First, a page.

In this week’s Mom Before Mom post, I wrote about what I wanted to be when I grew up it made me think about what my kids say now that they want to be. For some kids, they set their minds on something and never waiver. For other kids, the ideas change weekly, their interests broad and open.
Michael just today came home and announced, “Mom, do you want to hear what I want to do when I grow up?” I was stunned and thought, “Be a psychic?” He had no idea what I was writing about! This most recent idea, though, was more of an event plan than a career path, he wants to climb Mount Everest and glide off the top. (Ugh, see my Boys and Bruises post!)
What do your kids want to be when they grow up? How do we nurture the things that make them happy? How, as parents, can we encourage them to explore and guide them to discover their strengths?
It begins young with exposure to many different experiences. Going for a walk and taking the time to stop and touch some moss or poke a mushroom with a stick is a beginning. So are things like kicking the ball in the backyard, marching through the house with musical instruments or early forays into watercolor still-lifes and Play-Doh sculptures. These are valuable activities at all ages.
Offering varied opportunities isn’t generally the hard part, there are a million and one possibilities, activities, teams, clubs, events and chances to try things out. It’s harder to know how to limit what our kids join, as in all things parenting, it’s about finding that balance.
In the adolescent years, kids tend to begin to specialize in certain activities, they’ve narrowed down their sports and extracurricular time to more focused interests. Those activities may not be what they would pursue as a life path. Or could they be?
I was recently talking to someone about how her brother loved skateboarding and became a top executive at a sporting goods company. A friend of our family is a professional surfer, getting paid and endorsed for doing something he’s passionate about.
How do we nurture their aptitudes, interests and spirits? Nick and I have found that it’s helpful to teach our kids time management and prioritizing skills (that’s an ongoing life skill for us as adults, too!) It seems exciting to sign up for every class or team that catches our interest, but we talk them through things to find what really matters to them right now. If they are less than enthusiastic about something we nix it.
We’ve always had the rule that we offer something to the kids, or they could ask to participate in something. If they choose an activity, they are committed and have to see it through but then they don’t have to sign up for the next session if they don’t want to. This gives them a say in how they spend their non-school time and it helps them tease out what they care about most.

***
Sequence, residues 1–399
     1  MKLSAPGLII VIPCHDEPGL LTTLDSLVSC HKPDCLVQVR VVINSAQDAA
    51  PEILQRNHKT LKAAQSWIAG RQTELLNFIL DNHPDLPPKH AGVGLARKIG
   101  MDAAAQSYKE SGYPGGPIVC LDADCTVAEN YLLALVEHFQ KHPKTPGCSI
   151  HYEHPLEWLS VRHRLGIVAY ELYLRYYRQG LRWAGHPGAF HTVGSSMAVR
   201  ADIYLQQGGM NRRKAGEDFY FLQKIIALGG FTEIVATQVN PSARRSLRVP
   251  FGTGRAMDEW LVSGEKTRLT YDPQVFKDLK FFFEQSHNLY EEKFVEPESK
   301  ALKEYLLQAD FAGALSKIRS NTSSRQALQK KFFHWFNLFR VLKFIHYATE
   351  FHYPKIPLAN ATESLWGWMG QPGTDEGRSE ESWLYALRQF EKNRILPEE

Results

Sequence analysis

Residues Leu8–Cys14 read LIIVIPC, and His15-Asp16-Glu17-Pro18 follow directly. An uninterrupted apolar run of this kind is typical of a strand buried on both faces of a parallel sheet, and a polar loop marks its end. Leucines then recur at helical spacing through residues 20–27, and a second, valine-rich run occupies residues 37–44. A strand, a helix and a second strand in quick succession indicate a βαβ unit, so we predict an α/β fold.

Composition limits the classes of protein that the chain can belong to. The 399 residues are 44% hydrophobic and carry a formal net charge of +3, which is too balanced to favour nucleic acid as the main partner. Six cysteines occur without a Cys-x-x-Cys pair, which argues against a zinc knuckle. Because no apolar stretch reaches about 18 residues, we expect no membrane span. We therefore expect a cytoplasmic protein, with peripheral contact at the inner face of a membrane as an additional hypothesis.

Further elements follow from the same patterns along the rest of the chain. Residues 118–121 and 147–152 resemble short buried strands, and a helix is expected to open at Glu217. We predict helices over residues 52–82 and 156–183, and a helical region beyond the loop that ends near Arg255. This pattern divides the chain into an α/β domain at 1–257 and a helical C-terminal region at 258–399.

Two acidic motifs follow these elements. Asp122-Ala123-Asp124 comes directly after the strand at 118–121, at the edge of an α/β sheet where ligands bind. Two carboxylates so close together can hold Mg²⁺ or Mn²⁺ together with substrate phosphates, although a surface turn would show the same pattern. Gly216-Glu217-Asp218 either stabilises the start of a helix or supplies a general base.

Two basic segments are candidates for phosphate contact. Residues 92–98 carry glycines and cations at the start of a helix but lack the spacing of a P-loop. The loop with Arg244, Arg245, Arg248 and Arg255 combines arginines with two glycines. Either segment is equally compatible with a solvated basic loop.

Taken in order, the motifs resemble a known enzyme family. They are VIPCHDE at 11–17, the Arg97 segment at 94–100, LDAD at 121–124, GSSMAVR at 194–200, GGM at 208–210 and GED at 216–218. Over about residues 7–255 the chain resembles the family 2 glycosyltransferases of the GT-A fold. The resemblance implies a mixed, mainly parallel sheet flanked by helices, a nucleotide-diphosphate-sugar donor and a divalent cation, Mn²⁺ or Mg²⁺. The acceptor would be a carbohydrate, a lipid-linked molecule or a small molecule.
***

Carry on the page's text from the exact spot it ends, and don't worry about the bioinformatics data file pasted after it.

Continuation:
I like to listen to what they want to be at any given time because it’s like a little window into their self image. A glimpse into what they like, think they’re good at or what they can envision themselves being. Michael already calls himself an engineer. He’s got an inventive and technical brain. He visualizes things three dimensionally in ways that surprise me; he’s fantastic at robotics and computer coding. Who knows what he’ll be when he grows up, but I’d bet it’s in that vein (aka: things-I-don’t-really-understand).
Often kids will list a string of things they want to be when they grow up. I love when Anna says she wants to be a Mommy and a doctor and an artist (totally possible, but then she continues) and a photographer (still manageable) and a doula (cute, she wants to be like Mommy) and a chef (with the other things taking her time, maybe she’ll have time for a microwaved meal!) Then again, we Moms are the doctor and nursemaid, the in-house arts and crafts director, the family picture-taker and well, doulas are nurturers, supporters and guides, and we Moms do all that for our cherubs, and we cook! So perhaps her list just describes Mommyhood!
I struggle to encourage them and their dreams without layering in my practical-adult-evaluating-brain. I try to just listen, ask questions, drop in a tidbit or two to seed some thoughts. What makes you interested in doing that? Are there things you are doing now or could try out now that would help you to do that later? How could you learn more about that subject?
As Ali nears college, some of that practicality, while still far off and not essential to worry about yet, does become a bit more important. If your child is talking about being a veterinarian but hates science and only wants to take creative writing, being realistic about the requirements to become a vet could be useful in guiding them. In the high school years, have them do their own research about requirements to be accepted into an architecture program or med school so they can look further down the line.
Adults can see around bends that children and teens cannot. They not only have less life experience but their brains are still growing and not yet fully developed. We have a responsibility to assist them in anticipating the road ahead. Sure, they won’t always (or even often) listen, but they do hear us and file it away.
As parents, we can help our kiddos identify their strengths and encourage them to build upon them. Usually what you love is what you excel at. What a gift to steer and guide them toward a profession that encompasses both.
Take notes on what your kids say they want to be when they grow up, they just might do it.
© Copyright Leah DeCesare 2013